Download
slide1 n.
Skip this Video
Loading SlideShow in 5 Seconds..
By Jean Lagueux Institut de tourisme et d’hôtellerie du Québec PowerPoint Presentation
Download Presentation
By Jean Lagueux Institut de tourisme et d’hôtellerie du Québec

By Jean Lagueux Institut de tourisme et d’hôtellerie du Québec

142 Views Download Presentation
Download Presentation

By Jean Lagueux Institut de tourisme et d’hôtellerie du Québec

- - - - - - - - - - - - - - - - - - - - - - - - - - - E N D - - - - - - - - - - - - - - - - - - - - - - - - - - -
Presentation Transcript

  1. Suggestive Selling in the Restaurant Business : a Framework Connecting Selling Approaches to Sales Encounter Outcomes By Jean Lagueux Institut de tourisme et d’hôtellerie du Québec

  2. Objectives • Three fold • Define a framework of selling approach in the environment of restaurant selling. • Measure the impact of the different sales approach on sales encounter outcomes. • Explore the restaurant / waiter’s social responsibility context

  3. Selling Styles • Partnership selling • Adaptive selling • Cross-selling • Up-selling • Add-on selling • Value-added selling Suggestive selling Consultative selling Transactional selling Persuasive selling Seduction selling Relational selling

  4. Suggestive Selling • Lacks • Proper definition • Theoretical basis • Based on : • Professional experience • Anecdotal evidence • Effects are not well defined

  5. Background • Courtesy in a restaurant setting and suggestive selling (Brooks, 1961) • Factors influencing restaurant servers to use suggestive selling (Johnson & Masotti, 1986) • Definition : “asking a patron if he would like wine with the meal ordered” • Suggestive selling versus the volume of business (Redmon & Dickinson 1990) • Recommendations made by the server at different times of the meal (Lynn, 2003) • “the art of selling a customer the original item he or she came in to buy, plus additional items that complement the original item” (Kizer & Bender 2007) • 70 % of 1066 restaurant servers use suggestive selling (Lynn & McCall, 2009) • Conclusion • Economic benefits • Not connected to customer’s needs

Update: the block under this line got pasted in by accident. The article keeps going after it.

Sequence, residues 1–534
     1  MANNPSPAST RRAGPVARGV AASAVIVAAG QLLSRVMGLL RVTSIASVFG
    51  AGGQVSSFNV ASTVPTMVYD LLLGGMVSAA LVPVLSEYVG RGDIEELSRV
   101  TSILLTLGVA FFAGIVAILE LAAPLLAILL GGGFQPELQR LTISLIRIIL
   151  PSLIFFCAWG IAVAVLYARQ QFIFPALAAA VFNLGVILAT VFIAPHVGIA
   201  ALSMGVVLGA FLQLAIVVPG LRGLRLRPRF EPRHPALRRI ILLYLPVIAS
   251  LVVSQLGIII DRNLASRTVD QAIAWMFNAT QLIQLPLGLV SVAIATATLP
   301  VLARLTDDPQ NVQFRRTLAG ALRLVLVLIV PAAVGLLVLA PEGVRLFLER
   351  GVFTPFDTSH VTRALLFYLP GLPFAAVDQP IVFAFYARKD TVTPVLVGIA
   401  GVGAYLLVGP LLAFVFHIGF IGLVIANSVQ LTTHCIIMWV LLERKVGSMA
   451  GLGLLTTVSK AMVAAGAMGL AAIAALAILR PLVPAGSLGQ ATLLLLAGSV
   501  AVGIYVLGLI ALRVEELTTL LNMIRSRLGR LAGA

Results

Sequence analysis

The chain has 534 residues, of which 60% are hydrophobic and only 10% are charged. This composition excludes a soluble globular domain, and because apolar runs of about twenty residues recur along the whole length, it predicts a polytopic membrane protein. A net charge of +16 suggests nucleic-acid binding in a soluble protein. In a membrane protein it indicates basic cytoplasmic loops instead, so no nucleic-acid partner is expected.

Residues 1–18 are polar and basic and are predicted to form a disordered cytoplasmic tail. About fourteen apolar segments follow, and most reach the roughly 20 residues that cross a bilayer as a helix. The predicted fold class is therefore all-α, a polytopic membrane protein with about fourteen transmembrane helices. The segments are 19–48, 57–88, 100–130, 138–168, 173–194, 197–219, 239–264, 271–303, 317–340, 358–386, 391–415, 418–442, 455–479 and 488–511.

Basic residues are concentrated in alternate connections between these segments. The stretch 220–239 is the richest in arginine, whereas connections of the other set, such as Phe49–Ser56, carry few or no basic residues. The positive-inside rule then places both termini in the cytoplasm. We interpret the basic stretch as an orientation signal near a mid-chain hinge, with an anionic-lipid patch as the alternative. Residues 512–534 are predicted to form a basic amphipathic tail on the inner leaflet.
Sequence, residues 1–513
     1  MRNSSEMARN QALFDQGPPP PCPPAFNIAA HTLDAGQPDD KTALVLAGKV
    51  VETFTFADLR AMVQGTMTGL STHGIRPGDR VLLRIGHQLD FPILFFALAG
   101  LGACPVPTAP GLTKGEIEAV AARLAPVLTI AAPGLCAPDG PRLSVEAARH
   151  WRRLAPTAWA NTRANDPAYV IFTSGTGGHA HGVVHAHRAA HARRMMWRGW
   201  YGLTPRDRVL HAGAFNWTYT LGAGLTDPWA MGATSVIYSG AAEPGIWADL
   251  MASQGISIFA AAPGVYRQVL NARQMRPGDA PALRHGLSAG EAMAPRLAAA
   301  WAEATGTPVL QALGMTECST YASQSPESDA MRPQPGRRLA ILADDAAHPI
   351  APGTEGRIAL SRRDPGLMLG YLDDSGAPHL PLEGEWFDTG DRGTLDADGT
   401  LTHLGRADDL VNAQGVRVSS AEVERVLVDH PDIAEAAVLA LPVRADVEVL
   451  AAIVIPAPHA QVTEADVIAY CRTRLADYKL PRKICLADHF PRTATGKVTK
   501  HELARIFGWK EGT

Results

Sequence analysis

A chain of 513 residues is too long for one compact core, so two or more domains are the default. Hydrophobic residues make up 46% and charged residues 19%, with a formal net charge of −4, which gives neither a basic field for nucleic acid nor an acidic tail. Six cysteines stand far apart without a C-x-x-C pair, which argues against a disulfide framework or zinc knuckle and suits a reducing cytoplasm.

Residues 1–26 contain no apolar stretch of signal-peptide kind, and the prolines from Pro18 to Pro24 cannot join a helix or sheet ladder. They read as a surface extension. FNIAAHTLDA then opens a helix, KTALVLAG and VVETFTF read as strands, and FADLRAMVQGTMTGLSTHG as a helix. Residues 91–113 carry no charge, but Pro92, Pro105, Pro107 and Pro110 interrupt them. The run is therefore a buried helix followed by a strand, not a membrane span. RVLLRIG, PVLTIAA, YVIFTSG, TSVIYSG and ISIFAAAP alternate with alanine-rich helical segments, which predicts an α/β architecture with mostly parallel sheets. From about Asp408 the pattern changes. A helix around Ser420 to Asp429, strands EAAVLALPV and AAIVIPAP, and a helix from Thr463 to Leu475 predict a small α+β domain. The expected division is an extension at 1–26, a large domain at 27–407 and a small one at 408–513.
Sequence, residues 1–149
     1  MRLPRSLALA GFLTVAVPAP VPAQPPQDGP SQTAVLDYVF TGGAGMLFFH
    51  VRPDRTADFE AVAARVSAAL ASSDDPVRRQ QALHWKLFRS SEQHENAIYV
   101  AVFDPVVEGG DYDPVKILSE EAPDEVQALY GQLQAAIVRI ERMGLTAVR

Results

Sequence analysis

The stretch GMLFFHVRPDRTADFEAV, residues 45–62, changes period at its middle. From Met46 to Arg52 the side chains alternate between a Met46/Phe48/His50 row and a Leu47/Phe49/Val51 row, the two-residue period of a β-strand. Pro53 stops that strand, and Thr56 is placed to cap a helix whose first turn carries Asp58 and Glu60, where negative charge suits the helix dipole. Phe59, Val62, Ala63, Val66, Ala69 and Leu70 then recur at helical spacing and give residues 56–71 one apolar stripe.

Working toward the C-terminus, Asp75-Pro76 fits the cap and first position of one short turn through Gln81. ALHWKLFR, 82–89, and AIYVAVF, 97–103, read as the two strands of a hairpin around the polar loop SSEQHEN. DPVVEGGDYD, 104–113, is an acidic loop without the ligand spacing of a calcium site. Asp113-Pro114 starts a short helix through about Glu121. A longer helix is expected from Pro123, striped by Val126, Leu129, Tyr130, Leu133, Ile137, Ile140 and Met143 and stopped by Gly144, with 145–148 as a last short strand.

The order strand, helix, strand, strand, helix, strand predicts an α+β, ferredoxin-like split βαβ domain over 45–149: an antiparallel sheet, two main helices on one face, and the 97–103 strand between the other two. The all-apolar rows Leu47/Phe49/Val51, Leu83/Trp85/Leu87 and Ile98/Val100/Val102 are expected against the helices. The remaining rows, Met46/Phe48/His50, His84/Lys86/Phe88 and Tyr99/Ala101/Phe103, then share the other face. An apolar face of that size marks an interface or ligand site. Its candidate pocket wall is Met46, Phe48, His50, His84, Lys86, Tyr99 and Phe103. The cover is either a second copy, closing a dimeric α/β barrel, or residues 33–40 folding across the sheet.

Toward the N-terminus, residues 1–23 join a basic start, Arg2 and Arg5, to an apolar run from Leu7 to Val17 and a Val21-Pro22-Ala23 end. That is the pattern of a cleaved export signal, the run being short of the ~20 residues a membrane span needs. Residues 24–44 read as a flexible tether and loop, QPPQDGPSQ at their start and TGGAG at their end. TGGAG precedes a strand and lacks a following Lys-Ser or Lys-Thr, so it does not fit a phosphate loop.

6. Consultative Selling • Type of awareness attributed to restaurant servers • Mars and Nicod (1984) • Customer-oriented selling : • Comes from the marketing concept • Customer satisfaction is integrated in the equation of success • Seen as a problem solver • Saxe and Weitz (1982) • Providing information - an advisor • Job satisfaction, organizational commitment, sales training and sales skills • Liu and Leach (2001)

  7. Consultative Selling • Approach used in situations when a customer needs to find a solution to a problem that has not yet been resolved or when he needs help or a suggestion • Zeyl (2003) • Upselling technique that has the goal to increase the average check while enhancing the guest experience • Shock, Bowen, and Stefanelli(2004) • Conclusion • Difficulty assessing customer’sneeds • Specific needs have not been satisfied • New approaches can be suggested to him

  8. Transaction Selling Products are well known to the customer (Zeyl, 2003) • Large amount of information available to the customer • Previous knowledge • The use of salespeople is less required • To describe features • To take orders

  9. Persuasion Selling • Manske and Cordua (2005) • Use of different approaches to persuade • Reciprocity • Scarcity • Liking • Credibility • Power • Similarities • Physical attractiveness • Empathy • Extrinsic aspects of the purchase situation.

  10. The Server Self-Monitoring Adaptation in response to the perceived differences (Snyder, 1974) Motivation to alter the behavior Theory of social exchange (Thibaut & Kelley, 1952) Cost of effort versus personal gain Adaptive selling Empathy Androgyny Being an opener Locus of control Self-efficacy Service Predisposition (Lee-Ross, 2000)

  11. Selling Environment Differences with retail settings • Sequence of service (McMahon & Schmelzer, 1989) • Roles and responsibilities • Simultaneity • Contact points • Captive aspect of the service encounter • The importance of the menu

  12. What makes it suggestive ? • Bringing to active memory, options • Forgotten • Ignored • Unknown • Altered behaviour • Considering needs • Trying to persuade • Not simply related to presentation

  13. Figure 1: Suggestive Selling High Consultative selling Customer Orientation Suggestive selling Transaction selling Persuasion selling Low Low High Sales Orientation

  14. Figure 2: Effects of suggestive selling Consultative selling Variable Sales performance Higher Customer satisfaction Lower Persuasion selling Higher Variable Variable Transaction selling

  15. Contribution Definition for suggestive selling Redefining the SO-CO in a service environment Contrasting sales to customer satisfaction in a new way

  16. Conclusion Marketing my products Marketing to the customer Marketing with the customer